After playing three seasons as a part of St. Peter’s Division I basketball team, senior Markese Tucker decided to take his talents to Ramapo for his last year of NCAA eligibility.
When head coach Chuck McBreen got a phone call from his close friend at Long Island University Post about Tucker’s desire to transfer colleges, McBreen reached out to Tucker. After talking, they decided Ramapo “ended up being a great fit.” McBreen named Tucker as a captain for the 2014-2015 season.
Tucker started playing basketball when he was five and now stands at 6-foot-5 and weighs 240 pounds.. He believes that his Division I experience can bring a lot to the table for the Roadrunners this season. He says that through his maturity of playing quality minutes at the highest level, he knows what it takes to win.
“Me being the team captain, it’s a challenge for me, but at the same time it’s also a great feeling because I get to spread some wisdom and teach the younger guys what I’ve been taught through my personal experience,” Tucker said.
As captain and one of 15 new players who are still getting used to McBreen’s coaching philosophy, Tucker demonstrates his leadership through example and verbal communication.
“I don’t yell at my teammates,” Tucker said. “I’m not that type of guy. I’d rather just talk to them, literally just talk to them and have good communication.”
McBreen spoke highly of Tucker, saying that he has embraced the leadership role and is going to be a great addition to the team going forward. The Roadrunners’ first game this season against Wesley College on Saturday confirmed McBreen’s feelings.
“I saw a lot of his leadership when adversity hit in the second half of our season opener down at Wesley College — when we blew a 12 point lead and fell behind by three,” McBreen said. “Markese showed his leadership by keeping the team relaxed and maintaining a positive attitude, which ultimately improved the team’s confidence to win a game in a tough environment against a nationally ranked opponent.”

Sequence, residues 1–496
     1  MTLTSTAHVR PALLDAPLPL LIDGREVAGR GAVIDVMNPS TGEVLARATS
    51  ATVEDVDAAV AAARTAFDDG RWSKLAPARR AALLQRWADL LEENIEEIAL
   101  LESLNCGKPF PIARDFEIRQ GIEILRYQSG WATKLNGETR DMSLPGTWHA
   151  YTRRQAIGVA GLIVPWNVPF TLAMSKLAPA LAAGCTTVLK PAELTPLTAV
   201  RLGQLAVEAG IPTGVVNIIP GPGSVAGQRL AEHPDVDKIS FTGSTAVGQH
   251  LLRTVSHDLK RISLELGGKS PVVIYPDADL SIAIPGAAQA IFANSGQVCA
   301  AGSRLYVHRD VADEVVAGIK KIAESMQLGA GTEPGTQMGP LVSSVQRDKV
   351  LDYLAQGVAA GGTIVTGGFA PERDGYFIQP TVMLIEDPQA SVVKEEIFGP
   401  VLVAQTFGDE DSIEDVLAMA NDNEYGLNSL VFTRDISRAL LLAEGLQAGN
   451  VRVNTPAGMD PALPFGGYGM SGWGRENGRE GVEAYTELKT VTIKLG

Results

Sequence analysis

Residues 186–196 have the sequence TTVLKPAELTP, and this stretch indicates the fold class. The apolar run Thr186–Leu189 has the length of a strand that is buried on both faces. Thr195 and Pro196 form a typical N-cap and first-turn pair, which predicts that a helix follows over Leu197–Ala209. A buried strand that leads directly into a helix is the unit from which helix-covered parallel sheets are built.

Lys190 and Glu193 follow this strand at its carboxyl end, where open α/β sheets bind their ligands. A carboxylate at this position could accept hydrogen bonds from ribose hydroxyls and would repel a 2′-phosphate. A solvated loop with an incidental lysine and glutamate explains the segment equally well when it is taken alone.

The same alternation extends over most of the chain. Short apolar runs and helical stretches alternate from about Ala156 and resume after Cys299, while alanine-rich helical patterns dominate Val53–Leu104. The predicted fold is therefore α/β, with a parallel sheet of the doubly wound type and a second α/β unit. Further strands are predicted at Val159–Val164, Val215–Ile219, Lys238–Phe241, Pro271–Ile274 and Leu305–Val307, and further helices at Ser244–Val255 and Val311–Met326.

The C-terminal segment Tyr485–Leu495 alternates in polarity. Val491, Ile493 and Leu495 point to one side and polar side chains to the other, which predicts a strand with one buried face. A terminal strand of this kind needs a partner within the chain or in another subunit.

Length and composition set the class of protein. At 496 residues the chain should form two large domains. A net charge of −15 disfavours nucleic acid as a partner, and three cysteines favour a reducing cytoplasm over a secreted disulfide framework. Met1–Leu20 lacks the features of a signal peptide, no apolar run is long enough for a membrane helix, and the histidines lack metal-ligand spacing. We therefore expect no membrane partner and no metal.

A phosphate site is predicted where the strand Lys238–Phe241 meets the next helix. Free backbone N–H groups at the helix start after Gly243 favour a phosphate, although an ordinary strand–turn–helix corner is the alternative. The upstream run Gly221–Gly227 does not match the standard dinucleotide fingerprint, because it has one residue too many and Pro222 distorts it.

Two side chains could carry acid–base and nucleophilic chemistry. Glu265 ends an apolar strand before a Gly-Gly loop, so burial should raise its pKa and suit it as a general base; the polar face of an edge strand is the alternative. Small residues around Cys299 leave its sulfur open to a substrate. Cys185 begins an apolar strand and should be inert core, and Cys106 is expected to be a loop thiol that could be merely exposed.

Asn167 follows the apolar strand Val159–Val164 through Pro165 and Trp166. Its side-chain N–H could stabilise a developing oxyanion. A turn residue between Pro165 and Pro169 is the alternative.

Tucker said his biggest motivator for facing everyday obstacles, including the usual college course load and sacrificing his free time to commit to his team, is to become a better athlete every day.
“I take pride that I’ve already played three years of college basketball and I want to finish my career on a good note,” Tucker said. “Saying that I did that and at the same time getting my degree — my motivation every day is knowing that I am expected to uphold a certain responsibility, so when I don’t feel like practicing or doing something, I know I have to do it because I am looked up as an example and leader.”
Tucker attributes a lot of his support to his mother, who he said was the reason he started playing basketball, and he believes would not be where he is today without her. His advice to the underclassmen on his team is that every day is a new day to get better as a person and as an athlete.
“Always try to help the next guy. Always be professional in how you carry yourself. Always be respectable. Always compete and work hard, because one day your college career will come to an end,” Tucker said.
McBreen said that he was thankful that he got a phone call and that Tucker decided that he wanted to study and play basketball at Ramapo.
“As a result I got a great player, a great young man and a solid leader,” McBreen said. “It worked out perfectly.”